Do you have any ideas?
The cheap option, here, is to just use a monitor switchbox to turn the single VGA input on your TV into two. This should give you considerably better picture quality than a cheap VGA-to-HDMI adapter box. Such adapters can be had on eBay for less than $70 delivered, but will probably do horrible things to your signal.
Component-to-HDMI adapters exist, but they can't put resolution into a signal that wasn't there in the first place, and one with good image quality will probably cost quite a lot more than a new Xbox 360. Because HDMI has Digital Rights Management encrustations and earlier standards (including "VGA" PC analogue video) don't, it's technically impossible to do this job properly.
All versions of the 360 after the original edition that you've got, though, have HDMI output. So if you must have HDMI, you might as well just trade up to a newer 360.
(After I put this page up, a reader pointed out that if the TV can accept RGB input via the SCART connector, a standard 360 SCART cable ought to work fine. I originally presumed that the "does not have component" part meant no RGB over SCART either, but Marc could have just meant no YPbPr, which is usually what "component video" means. The 360 SCART cable can't, by the way, deliver YPbPr to anything; that kind of component over SCART has been done, but there's no standard for it.)
I am trying to locate four-inch cold cathode fluorescent lamps (CCFLs) that don't have acrylic covers on them. Have you ever come across anything like that? I am using the lights to build lightboxes, and the acrylic covers make them too big to install.
The plastic tube around standard CCFLs for PC or car illumination is there for protection, because the cold-cathode lamps themselves are very fragile, and the hair-thin return wire that runs next to the lamp itself is even more fragile. The return wire has to be there because these kinds of lamps have their two power connections on only one end, but the physical tube has one terminal on each end.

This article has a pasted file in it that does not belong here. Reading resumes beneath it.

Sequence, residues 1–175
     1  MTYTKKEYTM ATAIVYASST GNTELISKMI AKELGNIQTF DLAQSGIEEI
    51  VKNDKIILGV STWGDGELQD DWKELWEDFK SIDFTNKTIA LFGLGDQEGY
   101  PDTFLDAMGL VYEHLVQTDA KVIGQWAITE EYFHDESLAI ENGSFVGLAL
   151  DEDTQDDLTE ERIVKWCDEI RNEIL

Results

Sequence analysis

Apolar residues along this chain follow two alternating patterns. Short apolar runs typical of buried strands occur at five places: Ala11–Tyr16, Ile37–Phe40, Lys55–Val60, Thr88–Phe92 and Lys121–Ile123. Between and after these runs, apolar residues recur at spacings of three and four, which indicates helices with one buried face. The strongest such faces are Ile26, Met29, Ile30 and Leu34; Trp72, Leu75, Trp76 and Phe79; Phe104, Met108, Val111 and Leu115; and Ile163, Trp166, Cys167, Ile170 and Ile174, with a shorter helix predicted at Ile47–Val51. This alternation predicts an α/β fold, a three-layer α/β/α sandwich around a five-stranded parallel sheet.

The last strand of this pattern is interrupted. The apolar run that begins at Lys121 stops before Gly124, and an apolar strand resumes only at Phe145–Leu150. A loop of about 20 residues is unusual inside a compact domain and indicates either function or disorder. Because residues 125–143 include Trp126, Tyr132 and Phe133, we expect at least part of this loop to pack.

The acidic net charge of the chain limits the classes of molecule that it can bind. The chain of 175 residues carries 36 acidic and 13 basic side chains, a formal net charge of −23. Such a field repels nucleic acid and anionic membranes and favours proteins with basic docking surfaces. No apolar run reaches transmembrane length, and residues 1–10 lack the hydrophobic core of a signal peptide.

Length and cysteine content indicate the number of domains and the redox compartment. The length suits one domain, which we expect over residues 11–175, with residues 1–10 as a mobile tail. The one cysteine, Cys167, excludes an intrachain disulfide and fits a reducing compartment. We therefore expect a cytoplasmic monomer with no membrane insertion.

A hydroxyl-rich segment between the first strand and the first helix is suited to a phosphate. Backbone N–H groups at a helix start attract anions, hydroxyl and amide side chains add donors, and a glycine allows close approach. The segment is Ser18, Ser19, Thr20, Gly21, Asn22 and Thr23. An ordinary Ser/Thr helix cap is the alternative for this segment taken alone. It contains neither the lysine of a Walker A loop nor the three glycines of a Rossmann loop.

If you want "nude", non-encapsulated white CCFLs without a return wire, you might like to check out replacement backlights for laptops and LCD monitors. They'll have a wire coming out of each end, and no protective tube. They also won't come with a handy-dandy 12V inverter, but I think they ought to run fine from any inverter that'll run an encapsulated lamp of similar length. Expect to pay $US20 or less for one tube, delivered, from an eBay dealer.
The problem with backlight lamps, of course, is that few laptops have a screen so small that it needs only a four-inch backlight, and you can't exactly cut these things to length.
If you absolutely must use a tube length (or colour) that you can't find as a bare lamp, you could try cutting the protective tube off the usual kind of lamp. This might not be as hard as you'd think, since as far as I can see, the lamps are pretty much just sitting loose inside the protective tube.
The caps on the ends of the protective tube are likely to be glued in place very solidly, but if you clamp those ends in place and cut around the tube in the middle - perhaps with a hot-knife or tubing cutter rather than a hacksaw, to minimise trauma for the lamp inside - you should be able to just pull the halved protective tube off either end of the CCFL inside. You'll still need to cut the supply wires to completely remove one half of the protector, but you can always solder them together again afterward.